Weeds are also a cause for concern. Not because organic remedies are inferior to synthetic ones. But because herbicides allowed farmers to forget about soil tilling. It was a common preparation of land before sowing, but proven to destroy soil microbiomes. Tilling caused the Dust Bowl – a series of devastating dust storms, which hit America and Canada in the 1930-s.


Weeds are susceptible to soil overturning, so conventional no-till farms employ herbicides instead. And organic farmers have to till or use effective anti-weed organic remedies. However, just as super-bacteria emerged, which are resistant to all antibiotics, superweeds are slowly taking over the conventional fields.

When Bailey started transitioning he thought that if all fails, there's always conventional farming to get back to. But in 2018, just several months before he anticipated becoming fully organic, Bailey realised that conventional crop prices were in the dumps and herbicides were no longer working.

Deep down, I was like 'That [conventional agriculture] works and it'll be there forever'. And all of a sudden, [weed killer] Roundup's not working. So I've actually become a little worried. Like wow, what if everybody has to change?", – Bailey comments.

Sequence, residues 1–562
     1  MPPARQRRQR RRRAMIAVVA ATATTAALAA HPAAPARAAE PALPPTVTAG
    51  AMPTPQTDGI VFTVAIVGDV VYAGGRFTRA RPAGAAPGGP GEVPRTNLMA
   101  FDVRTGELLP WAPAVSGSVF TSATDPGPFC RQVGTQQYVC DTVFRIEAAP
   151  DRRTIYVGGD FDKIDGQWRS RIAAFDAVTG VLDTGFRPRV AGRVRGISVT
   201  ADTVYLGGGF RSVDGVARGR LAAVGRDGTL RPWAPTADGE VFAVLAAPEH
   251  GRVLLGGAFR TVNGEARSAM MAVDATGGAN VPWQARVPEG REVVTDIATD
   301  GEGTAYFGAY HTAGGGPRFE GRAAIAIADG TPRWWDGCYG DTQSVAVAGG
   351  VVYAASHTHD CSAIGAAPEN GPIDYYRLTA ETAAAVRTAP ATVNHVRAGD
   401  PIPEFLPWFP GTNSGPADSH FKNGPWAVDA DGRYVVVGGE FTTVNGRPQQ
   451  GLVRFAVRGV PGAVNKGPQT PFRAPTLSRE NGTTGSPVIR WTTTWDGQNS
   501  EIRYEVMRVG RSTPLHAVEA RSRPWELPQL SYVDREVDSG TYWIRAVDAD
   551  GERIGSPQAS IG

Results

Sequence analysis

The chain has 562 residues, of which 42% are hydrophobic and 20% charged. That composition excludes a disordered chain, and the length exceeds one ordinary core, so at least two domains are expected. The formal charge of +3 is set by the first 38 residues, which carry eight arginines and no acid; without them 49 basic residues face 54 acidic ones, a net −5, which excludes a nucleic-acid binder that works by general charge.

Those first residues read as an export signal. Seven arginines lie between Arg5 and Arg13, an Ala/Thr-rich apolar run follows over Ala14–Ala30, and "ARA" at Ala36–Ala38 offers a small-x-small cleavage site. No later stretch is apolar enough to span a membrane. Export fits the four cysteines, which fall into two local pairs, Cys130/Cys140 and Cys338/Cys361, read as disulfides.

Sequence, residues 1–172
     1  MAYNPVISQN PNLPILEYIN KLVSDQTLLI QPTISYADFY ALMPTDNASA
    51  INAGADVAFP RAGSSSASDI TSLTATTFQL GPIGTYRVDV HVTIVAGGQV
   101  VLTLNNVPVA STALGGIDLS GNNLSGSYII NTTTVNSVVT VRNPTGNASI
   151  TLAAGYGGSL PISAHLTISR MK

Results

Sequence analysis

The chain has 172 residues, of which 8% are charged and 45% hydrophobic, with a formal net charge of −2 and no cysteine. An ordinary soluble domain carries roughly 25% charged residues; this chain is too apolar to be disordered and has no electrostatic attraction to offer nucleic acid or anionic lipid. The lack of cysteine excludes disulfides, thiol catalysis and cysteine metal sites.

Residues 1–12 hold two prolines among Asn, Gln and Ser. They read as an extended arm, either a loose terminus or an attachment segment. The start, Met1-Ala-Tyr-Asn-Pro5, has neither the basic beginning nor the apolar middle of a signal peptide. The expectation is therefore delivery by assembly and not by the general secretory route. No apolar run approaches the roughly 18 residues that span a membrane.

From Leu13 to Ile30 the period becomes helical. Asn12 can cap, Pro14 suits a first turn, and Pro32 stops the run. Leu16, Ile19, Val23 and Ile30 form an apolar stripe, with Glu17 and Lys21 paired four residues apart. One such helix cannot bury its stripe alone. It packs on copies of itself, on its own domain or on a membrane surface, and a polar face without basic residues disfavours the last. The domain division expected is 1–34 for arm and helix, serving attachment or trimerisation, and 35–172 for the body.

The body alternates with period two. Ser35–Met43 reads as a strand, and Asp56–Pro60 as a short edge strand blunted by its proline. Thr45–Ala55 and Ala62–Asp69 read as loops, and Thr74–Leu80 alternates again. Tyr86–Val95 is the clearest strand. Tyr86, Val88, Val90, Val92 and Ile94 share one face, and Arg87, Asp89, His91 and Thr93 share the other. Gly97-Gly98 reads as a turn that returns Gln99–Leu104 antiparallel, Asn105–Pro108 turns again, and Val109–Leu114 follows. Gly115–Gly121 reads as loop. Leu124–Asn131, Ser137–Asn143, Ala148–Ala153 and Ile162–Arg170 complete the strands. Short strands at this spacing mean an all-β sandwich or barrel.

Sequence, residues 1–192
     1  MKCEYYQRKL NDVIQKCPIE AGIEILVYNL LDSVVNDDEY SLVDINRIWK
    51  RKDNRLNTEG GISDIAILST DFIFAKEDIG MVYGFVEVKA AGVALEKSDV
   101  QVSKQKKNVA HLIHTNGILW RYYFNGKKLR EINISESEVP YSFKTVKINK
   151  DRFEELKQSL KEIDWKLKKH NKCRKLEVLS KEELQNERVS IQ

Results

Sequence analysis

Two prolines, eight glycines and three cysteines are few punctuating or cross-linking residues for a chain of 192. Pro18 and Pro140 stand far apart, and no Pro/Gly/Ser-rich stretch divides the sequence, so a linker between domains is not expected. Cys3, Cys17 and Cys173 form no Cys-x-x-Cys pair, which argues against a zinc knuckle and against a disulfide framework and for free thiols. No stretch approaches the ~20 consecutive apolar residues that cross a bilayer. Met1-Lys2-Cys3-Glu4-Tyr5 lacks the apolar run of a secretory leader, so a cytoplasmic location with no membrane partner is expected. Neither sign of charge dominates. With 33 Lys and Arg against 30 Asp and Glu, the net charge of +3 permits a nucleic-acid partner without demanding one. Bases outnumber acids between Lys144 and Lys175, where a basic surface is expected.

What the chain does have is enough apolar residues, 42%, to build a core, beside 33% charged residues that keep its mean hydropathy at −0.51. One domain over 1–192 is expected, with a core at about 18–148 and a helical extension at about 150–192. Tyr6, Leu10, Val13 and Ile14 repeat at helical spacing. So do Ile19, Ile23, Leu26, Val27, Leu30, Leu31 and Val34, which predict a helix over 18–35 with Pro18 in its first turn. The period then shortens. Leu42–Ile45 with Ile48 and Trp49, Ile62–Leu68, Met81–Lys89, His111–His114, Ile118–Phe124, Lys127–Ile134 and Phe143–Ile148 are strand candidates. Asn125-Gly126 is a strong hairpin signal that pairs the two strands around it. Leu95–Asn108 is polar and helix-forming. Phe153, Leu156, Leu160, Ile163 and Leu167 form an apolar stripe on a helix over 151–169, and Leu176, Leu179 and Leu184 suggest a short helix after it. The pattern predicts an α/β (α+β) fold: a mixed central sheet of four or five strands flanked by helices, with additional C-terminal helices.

And some farmers did change their ways. Like Tim Raile, who grows wheat in Kansas. He enjoyed weed free fields for 10 years without any tilling involved. And then weeds started resisting.

It was just a few weeds here and there, but as those weeds kept generating offspring, it was eventually the whole field", – Raile comments. And herbicides were powerless: "It finally got to a point where no matter how much glyphosate you put down, it wasn't going to die."

Raile began his journey towards organic in 2018 and kept it under wraps for some time: "I didn't tell anybody for a while, because I knew there would be a little bit of a backlash". American conventional farmers fear lawsuits for pesticide drift from their organic neighbours. And this can ruin partnerships and friendships for organic wannabes.

As we've mentioned earlier storage is a problem for those going organic. Raile couldn't use a nearby grain elevator, because his organic wheat would get mixed with conventional grains.